A Strategy Society for Everyone

PROVO, Utah – Sep 22, 2021 – What do you get when you combine business strategy and students from 16 different majors at BYU? A group dedicated to learning and applying strategic principles to any career path. The Business Strategy Society (BSS) at the BYU Marriott School of Business helps all BYU students see how strategy can be used every day to accomplish any goal.

Because the BSS is open to all students at BYU, the events and activities that are held are flexible and designed to fit the needs of a variety of participants. Copresident Robert Rex, a senior from Orem, is an economics major and has felt at home in the society because of how the activities adapt to his background. His first exposure to the BSS was in 2019 when he joined for a case competition and walked away from the event with a newfound love for strategic thinking. Rex appreciates that he was able to participate in the competition despite not knowing much about strategy and was able to have an important learning experience.

Thanks to that first positive interaction with the group, Rex has been a member of the BSS ever since and is excited to help all BYU students through his role as copresident. “The group’s presidency is truly invested in the success of students,” he says. “In the society, students will feel support from their leaders who want to help them reach their dreams and overcome challenges.”

Fellow copresident and strategy senior Stephen Sorensen’s decision to join the group was pivotal in helping him decide to pursue a strategic management degree. Sorensen, from Tustin, California, attended a BSS meeting during his first month at BYU and was surprised to find the large number of connections between strategy and his everyday life. “Learning strategy helped me define my values,” he explains. “The discipline helped me develop frameworks, principles, and ideologies in order to achieve whatever goals I have.”

The BSS is open to any major because its presidency believes strategy principles can apply to any profession. As a result, Rex is glad to see many students who are not strategy majors participate in the society because of their interest in business careers. “As a presidency, we care more about where students want to go as opposed to where they come from,” Sorensen adds. “Some students want to develop the leadership skills that come with strategy. These skills can help them with any career, including education, management, consulting, project management, and of course, strategy.”

While the society’s activities are customizable to the needs of members, meetings typically fall into three general categories: case competitions, guest speakers, and workshops. The group hosts case competitions and brings in companies to share business problems with members of the group. Potential solutions are then pitched by students, and companies pick the best ideas for potential implementation in their organizations. Rex and Sorensen are looking forward to their planned case competitions this fall, which will include Cotopaxi, an outdoor apparel company founded by a BYU alumnus. “Our group is excited to have events that give students opportunities to apply strategic principles in real life,” Rex says.

Sorensen says the purpose of holding meetings with guest speakers is to help members of the BSS network with industry professionals and learn more about potential careers after graduation. He adds that BSS workshops provide opportunities for strategy skills to be learned and refined. These workshops are usually taught by members of the society’s presidency or a faculty member who assists at the meeting.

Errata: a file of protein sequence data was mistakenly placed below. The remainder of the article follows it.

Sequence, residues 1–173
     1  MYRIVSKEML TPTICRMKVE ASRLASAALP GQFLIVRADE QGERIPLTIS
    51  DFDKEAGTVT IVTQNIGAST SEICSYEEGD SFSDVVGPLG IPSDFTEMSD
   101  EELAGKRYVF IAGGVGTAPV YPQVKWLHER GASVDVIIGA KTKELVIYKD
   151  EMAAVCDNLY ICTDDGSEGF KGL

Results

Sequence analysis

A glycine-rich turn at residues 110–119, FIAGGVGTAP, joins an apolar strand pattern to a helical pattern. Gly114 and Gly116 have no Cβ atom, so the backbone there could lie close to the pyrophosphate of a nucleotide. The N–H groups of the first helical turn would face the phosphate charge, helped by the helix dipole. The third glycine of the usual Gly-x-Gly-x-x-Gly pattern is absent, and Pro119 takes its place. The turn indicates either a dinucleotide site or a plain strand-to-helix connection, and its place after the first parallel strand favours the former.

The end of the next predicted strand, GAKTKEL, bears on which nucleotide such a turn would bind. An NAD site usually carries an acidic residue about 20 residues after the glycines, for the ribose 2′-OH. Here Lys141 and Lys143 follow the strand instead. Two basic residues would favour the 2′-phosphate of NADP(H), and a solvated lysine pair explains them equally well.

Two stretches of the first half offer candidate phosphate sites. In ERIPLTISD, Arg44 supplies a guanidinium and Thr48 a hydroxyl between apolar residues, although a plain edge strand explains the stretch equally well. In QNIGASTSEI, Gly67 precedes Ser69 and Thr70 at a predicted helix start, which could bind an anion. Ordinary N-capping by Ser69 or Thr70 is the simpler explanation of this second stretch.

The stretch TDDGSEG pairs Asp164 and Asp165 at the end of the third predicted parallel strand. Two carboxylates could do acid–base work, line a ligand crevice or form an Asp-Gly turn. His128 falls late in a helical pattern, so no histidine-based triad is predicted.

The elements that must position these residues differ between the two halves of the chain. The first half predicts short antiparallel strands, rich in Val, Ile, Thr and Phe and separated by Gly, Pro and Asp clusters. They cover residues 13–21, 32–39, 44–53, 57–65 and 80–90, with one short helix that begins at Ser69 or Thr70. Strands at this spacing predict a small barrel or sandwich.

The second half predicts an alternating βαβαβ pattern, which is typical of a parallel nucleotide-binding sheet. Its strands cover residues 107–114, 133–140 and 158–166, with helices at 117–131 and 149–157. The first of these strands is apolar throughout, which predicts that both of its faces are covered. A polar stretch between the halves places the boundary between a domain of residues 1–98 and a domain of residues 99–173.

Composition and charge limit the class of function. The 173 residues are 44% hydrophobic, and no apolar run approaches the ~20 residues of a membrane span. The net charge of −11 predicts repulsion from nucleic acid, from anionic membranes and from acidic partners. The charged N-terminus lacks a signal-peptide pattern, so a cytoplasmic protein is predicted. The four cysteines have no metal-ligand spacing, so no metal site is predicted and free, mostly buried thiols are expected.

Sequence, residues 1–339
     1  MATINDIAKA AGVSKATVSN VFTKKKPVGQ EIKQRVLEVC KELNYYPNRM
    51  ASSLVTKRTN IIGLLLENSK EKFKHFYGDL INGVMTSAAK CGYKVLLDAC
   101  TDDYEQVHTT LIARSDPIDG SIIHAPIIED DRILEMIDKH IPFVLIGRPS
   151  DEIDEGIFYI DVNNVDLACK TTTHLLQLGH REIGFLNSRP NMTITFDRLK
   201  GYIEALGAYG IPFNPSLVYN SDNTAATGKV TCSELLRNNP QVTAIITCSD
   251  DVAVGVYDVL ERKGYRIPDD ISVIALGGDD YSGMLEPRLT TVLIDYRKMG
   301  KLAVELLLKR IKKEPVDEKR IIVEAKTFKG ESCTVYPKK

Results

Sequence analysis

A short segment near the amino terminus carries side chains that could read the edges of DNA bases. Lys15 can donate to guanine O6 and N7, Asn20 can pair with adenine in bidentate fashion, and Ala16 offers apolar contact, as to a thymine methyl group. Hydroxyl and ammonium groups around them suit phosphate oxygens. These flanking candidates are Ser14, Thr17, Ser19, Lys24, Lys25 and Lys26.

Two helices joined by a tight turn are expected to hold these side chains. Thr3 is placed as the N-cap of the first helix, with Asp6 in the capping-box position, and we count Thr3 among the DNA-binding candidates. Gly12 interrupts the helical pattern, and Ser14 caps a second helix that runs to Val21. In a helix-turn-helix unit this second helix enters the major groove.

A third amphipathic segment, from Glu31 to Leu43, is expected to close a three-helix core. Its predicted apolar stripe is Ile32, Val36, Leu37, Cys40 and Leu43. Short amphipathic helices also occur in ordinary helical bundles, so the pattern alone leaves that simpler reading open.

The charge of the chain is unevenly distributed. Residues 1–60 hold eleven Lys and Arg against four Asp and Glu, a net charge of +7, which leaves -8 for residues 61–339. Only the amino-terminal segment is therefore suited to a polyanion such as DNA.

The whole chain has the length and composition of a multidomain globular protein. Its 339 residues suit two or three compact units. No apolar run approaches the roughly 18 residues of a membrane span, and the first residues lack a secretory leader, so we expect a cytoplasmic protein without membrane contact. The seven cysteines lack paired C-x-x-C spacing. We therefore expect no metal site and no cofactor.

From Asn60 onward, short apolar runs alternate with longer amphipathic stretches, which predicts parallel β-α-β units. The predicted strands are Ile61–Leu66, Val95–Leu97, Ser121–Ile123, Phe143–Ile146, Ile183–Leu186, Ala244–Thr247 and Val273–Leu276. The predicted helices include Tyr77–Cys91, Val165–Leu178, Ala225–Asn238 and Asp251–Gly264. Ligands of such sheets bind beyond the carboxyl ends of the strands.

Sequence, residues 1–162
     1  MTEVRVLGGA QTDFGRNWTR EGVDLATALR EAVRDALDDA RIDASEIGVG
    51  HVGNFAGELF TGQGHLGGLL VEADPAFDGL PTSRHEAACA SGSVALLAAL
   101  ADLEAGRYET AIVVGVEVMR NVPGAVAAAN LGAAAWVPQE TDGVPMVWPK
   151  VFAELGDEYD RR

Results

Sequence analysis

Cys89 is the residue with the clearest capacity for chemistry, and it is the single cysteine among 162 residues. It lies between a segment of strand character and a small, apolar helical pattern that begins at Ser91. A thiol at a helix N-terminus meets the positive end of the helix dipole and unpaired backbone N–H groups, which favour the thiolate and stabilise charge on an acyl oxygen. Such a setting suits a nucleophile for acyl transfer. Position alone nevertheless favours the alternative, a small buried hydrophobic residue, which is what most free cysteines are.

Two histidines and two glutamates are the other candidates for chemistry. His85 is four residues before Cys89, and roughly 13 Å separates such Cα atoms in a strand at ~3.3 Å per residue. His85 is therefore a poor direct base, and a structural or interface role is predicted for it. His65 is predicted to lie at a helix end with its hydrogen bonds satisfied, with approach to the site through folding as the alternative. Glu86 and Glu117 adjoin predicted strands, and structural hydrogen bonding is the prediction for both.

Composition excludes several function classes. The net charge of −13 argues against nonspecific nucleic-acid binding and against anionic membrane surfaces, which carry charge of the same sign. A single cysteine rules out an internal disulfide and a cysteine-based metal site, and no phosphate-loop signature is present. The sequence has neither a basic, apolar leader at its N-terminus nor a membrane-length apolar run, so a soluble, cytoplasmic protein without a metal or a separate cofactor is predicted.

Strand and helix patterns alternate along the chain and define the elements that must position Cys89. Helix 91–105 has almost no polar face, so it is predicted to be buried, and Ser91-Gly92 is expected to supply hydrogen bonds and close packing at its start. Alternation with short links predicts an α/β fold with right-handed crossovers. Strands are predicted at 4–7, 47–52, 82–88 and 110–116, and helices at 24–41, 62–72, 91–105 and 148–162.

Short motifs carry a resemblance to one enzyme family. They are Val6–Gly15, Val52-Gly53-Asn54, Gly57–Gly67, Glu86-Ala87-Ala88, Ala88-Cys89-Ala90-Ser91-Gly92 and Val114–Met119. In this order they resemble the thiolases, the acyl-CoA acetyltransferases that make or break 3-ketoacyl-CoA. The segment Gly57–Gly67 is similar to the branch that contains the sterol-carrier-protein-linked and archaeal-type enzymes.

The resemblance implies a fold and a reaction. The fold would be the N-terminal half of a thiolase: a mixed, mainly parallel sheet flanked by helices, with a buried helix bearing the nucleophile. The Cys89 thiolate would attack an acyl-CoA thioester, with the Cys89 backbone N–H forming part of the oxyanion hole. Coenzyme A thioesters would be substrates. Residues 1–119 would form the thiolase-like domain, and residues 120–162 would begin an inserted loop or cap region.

David Bryce, an associate professor of strategy at BYU Marriott and the group’s faculty advisor, loves helping the students. He recognizes how beneficial the meetings are for those interested in strategy principles. “The purpose of the BSS is to give students practical experiences in developing strategy. The meetings also help develop students’ interest in pursuing strategy as a career and connects them with job opportunities,” Bryce adds.

The society’s presidency strives to support its students as much as possible beyond regular meetings, including with a new mentorship program. “The upperclassmen are going to take the things we have found to be beneficial during our time as strategy students and share them,” Sorensen explains. The program will pair upperclassmen with underclassmen to facilitate experience and knowledge being passed on from one student to another in hopes of providing support for those beginning to learn about strategy. Rex and Sorensen are also hoping to build the mentorship program to allow future alumni to return to the group and mentor students.

As a new school year begins, Rex and Sorensen look forward to helping all society participants increase their love for strategy. The pair say they choose to serve as copresidents because of the impact the BSS makes in their lives. They say they want to see that same difference reflected in the lives of their fellow students as they see in themselves. “The relationships that I have made in the BSS have changed my life,” Rex says. “My career opportunities have improved, the personal decisions I make changed for the better, and my academic performance has benefited. I want that for everyone.”

The BYU Business Strategy Society is a student-run association open to individuals from all majors. Logo courtesy of the Business Strategy Society.
The BYU Business Strategy Society is a student-run association open to individuals from all majors. Logo courtesy of the Business Strategy Society.
BSS copresident Robert Rex. Photo courtesy of Robert Rex.
BSS copresident Robert Rex. Photo courtesy of Robert Rex.
BSS copresident Stephen Sorensen. Photo courtesy of Stephen Sorensen.
BSS copresident Stephen Sorensen. Photo courtesy of Stephen Sorensen.

Media Contact: Chad Little (801) 422-1512
Writer: Mike Miller